Tuesday, July 23, 2013

Novuyo Tshuma's Flirtations with Nairobi

from www.panorama.co.zw

It's a sepia tinted afternoon as we speed from Nairobi's Jomo Kenyatta Airport, headed for the Fairview Hotel, situated near the city-centre. There seems to be a lot of activity here; construction everywhere, the skeletons of buildings in progress. Nairobi has the writhing vibrancy of Harare; the hum of traffic, the post-colonial ambitions of glossy architecture and inhabitants who throng the streets with urgent purpose.
The coming week is any writer's treat; five days of literary events organised by The British Council, Kwani, the innovative East African literary initiative, and GRANTA, UK's leading literary magazine.

I am grateful to British Council for sponsoring my trip, and my stay at the sparkling Fairview Hotel; I have flown in from South Africa and am to meet, among others, fellow Zimbabweans Jane Morris and Brian Jones of amaBooks. Jane and Brian are part of the Programmers' Workshop, which runs concurrently with our Writers' Workshop. This literary feast includes the launch of the latest GRANTA Issue 'Best of Young British Novelists 2013', a three-day fiction writing workshop, a lecture by visiting writers Nadifa Mohamed and Adam Foulds as well as a 2013 elections symposium put together by Kwani Trust.

There is a tingling feeling of having been here before, an intimate sense of having experienced this space and its people before; was it in Kenyan writer Binyavanga Wainaina's evocative memoir 'One Day I Will Write About This Place'?

The fiction workshop begins on the morning of the 19th, with Ellah Allfrey, Deputy Editor of GRANTA, chairing the proceedings. With her is Billy Kahora, Managing Editor of Kwani, and the two guest writers, UK based Nadifa Mohamed and Adam Foulds, both of whom are on GRANTA's 2013 Best of Young British Novelists list.

There are 19 workshop participants; 15 Kenyan writers and four visiting writers from Zimbabwe, South Africa, Nigeria and Uganda, myself included. The interaction with high profile editors and experienced writers is like a chipping away from a young writer of the crusty parts, a refining that sharpens writing focus. The workshop hones the craft of building a story, much in the same way one builds a house, building upon the foundation of plot a slab of setting, sturdy walls of language, cemented by effective research and airy windows for that clear-eyed characterisation. The gabbled roof is decorated by a writer's distinct style.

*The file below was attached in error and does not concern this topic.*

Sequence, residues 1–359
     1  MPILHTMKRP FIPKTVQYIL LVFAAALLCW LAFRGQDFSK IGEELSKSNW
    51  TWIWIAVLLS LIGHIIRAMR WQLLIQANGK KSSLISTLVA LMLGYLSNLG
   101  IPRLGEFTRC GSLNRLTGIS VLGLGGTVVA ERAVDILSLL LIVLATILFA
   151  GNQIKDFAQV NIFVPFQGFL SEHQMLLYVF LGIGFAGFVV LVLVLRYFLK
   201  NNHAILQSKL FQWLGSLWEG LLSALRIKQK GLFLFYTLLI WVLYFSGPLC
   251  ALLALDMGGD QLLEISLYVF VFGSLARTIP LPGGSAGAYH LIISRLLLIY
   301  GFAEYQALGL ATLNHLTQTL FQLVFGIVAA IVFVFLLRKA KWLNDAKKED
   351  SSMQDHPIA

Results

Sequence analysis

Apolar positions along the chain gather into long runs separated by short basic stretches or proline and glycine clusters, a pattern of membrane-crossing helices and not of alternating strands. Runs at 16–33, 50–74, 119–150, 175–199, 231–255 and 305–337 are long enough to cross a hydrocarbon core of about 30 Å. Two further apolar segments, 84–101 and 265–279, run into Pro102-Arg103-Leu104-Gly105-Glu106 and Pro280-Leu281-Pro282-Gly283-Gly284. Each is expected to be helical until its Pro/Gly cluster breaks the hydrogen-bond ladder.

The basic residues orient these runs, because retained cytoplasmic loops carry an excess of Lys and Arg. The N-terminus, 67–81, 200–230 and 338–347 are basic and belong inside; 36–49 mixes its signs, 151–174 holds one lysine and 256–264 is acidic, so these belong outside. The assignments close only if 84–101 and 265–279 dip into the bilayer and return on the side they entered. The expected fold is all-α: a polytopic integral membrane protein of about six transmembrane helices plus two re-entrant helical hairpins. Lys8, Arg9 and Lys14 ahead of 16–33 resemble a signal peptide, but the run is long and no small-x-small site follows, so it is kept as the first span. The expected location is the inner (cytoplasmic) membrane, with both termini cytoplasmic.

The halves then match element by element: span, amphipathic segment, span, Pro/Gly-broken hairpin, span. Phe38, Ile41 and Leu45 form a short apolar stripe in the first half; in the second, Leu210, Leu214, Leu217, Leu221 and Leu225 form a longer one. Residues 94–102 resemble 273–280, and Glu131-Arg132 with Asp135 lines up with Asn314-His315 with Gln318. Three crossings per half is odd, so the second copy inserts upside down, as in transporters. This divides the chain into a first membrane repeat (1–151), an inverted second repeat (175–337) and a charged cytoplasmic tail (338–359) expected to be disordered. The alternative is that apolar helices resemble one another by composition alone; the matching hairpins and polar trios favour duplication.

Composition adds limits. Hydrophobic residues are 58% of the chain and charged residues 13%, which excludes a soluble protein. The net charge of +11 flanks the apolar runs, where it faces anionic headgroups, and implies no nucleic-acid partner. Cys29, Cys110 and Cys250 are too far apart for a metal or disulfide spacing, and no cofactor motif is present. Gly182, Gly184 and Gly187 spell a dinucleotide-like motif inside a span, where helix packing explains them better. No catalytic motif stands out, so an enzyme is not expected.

The symposium on Kenya's 2013 elections reminds me of Zimbabwe's own upcoming Presidential elections. Kenya and Zimbabwe seem to follow intersecting trajectories in the history of their elections; in 2008, when Zimbabwe spent an inordinate time without a President, it was dubbed “another Kenya”, seeing as Kenya had had a similar experience.

What is a space for a writer without a taste of its culture? Lunch at Campia, an Ethiopian restaurant - the tongue introduced to new tastes; injera (bitter pan-cake dough, which is eaten like sadza), tibtib (spicy meat dish) and zilzil (roasted meat dish). An evening at a dinner hosted by Kwani spent as a Maasai Woman, in a Kanga and a beaded bracelet which I am told Maasai women never take off; it is a marriage gift, much like a wedding ring. And a bag plump with books; intersections with the cultures of the world, any writer's delight.

What does one take away from the experience? Invaluable teachings, fresh ways of telling stories, new friendships, animating interactions with space... All of these beaded in memory, to one day embroider a fictitious truth.
The musky air, farting traffic and yellow lights as we drive to the airport on the evening of the 24th, remind me of a place called home. Strange, this, as I'm no longer sure where that is. - By Novuyo Rosa Tshuma.

*Novuyo Rosa Tshuma (pictured) is the author of Shadows. Her stories have won the Yvonne Vera Award and been published in various collections, including Where to Now? Short Stories from Zimbabwe.  She has been a participant in both the Caine Prize and Farafina Trust Writing Workshops. 

She holds a BComm in Economics and Finance from the University of Witwatersrand, and is a Maytag Fellow for MFA Creative Writing at the University of Iowa.

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